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Using In Situ 10Be Soil Profiles to Date Fluvial Terraces of the South Fork, Shenandoah River, VA

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Author: Garber, Jonathan L.
Advisor: Hancock, Gregory S.
Committee Members: Kaste, James M.; Hamilton, Stuart
Issued Date: 2010-05-17
Subjects: Geomorphology
Cosmogenic Radionuclides
Fluvial Terraces
South Fork, Shenandoah River
URI: http://hdl.handle.net/10288/2042
Description: I determined ages and on fluvial terraces of the South Fork of the Shenandoah River, Virginia, obtained from depth profiles of in situ 10Be. These dates represent the first numerically constrained ages on fluvial terraces in the Shenandoah system, and allow us to assess the timing of perturbations to the river system and to estimate longterm river incision rates. I sampled three terrace treads near Lynnwood, Virginia, originally identified in mapping completed by King (1950) and Bell (1985). King (1950) suggested a Pleistocene age for the higher terraces, but the terraces are otherwise undated. The lowest terrace level (T2) is an ~7 m above river level (ARL), and has been inundated by historic flooding. The higher terraces are ~11 m ARL (T3) and ~16 m ARL (T4). On each surface, I excavated a ~2.5 m deep by ~10 m long trench to identify soil properties and to collect ~5 kg bulk samples at 0.25 m depth intervals from 0.25 m to 1.75 m depths. The 250-500 μm quartz sand fraction from the soil was extracted to analyze for 10Be concentration. To estimate terrace age corrected for inherited 10Be, A MATLAB script iteratively solved for age and inheritance through a least squares fit of modeled 10Be concentration profiles to measured profiles on each terrace. T3 showed an exponential profile, which yielded minimum age of 162 kyr and inheritance of 4.62 *105 atoms per gram of quartz. The maximum age was taken to be the age and terrace erosion rate that corresponded to ~2 m of denudation. This assumption was made because of field observations of ~2 m of fine overbank deposit sediments in the active T2 deposit that were not in the upper deposits, suggesting that these layers had been eroded on the older terraces. The maximum age and terrace erosion rate was 388 kyr and 4.7 m/Myr. The T4 deposit showed mixing in the top three data points which 5 corresponded to a paler layer in the profile. To date these terraces a new Inventory method that took into account both radioactive decay of the isotope as well as allow for the input of terrace erosion rates to the model. The age was then checked by iteratively solving for the exponential curve using the inheritance derived from the Inventory calculations. The minimum age assuming no surface erosion was 300 "� 340 kyr and the maximum age assuming ~2 m denudation was 640 - 1000 kyr.These ages give us a range of incision rates between 17 and 65 m/Myr which are statistically higher than the range of bare bedrock summit erosion rates in the Blue Ridge (Whitten, 2009) and suggest a net increase in relief in the Shenandoah Valley over 105 time scales. The incision rates were also comparable to other Appalachian rivers, which suggest disequilibrium across the Central Appalachian landscape. Possible cause of this landscape disequilibrium include (1) the differential response of the landscape to increases in the amplitude and frequency of climate fluctuations at the onset of the Pleistocene, and (2) isostatic flexural uplift caused by loading on the Atlantic Continental shelf and lightening of the Appalachian Plateau from increased erosion of Atlantic draining streams.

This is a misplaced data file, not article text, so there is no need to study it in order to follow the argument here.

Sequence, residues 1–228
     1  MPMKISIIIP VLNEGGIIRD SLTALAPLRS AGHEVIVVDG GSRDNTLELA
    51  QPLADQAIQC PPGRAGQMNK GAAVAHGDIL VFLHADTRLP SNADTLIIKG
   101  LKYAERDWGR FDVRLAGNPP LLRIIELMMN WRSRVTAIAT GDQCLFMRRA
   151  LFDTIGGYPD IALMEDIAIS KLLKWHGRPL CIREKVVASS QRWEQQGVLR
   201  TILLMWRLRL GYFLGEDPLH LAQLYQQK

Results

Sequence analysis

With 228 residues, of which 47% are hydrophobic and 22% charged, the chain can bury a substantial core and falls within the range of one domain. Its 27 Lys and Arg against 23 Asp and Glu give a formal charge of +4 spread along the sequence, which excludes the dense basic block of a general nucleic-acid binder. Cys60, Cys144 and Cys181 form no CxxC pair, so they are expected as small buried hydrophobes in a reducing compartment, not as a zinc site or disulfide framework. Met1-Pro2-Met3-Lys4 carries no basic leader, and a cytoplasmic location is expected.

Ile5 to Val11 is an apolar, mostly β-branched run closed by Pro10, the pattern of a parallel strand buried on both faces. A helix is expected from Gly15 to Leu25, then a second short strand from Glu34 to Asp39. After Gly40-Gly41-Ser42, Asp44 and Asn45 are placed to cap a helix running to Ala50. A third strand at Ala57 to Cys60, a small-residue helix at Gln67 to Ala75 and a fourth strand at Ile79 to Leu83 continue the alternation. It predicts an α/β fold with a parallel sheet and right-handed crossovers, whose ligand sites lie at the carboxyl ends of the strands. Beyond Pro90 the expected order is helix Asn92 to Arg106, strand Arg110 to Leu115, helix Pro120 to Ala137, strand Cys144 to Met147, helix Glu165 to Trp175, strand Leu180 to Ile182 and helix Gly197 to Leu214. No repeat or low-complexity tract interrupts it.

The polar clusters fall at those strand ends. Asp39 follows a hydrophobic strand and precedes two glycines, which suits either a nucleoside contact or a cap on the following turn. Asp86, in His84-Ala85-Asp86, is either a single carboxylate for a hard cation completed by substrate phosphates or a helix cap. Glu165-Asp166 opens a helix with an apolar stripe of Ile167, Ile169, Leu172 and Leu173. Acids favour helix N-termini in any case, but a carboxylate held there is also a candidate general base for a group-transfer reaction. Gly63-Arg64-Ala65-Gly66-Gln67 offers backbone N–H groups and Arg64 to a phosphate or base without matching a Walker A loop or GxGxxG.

Degree: Bachelors of Arts in Geology


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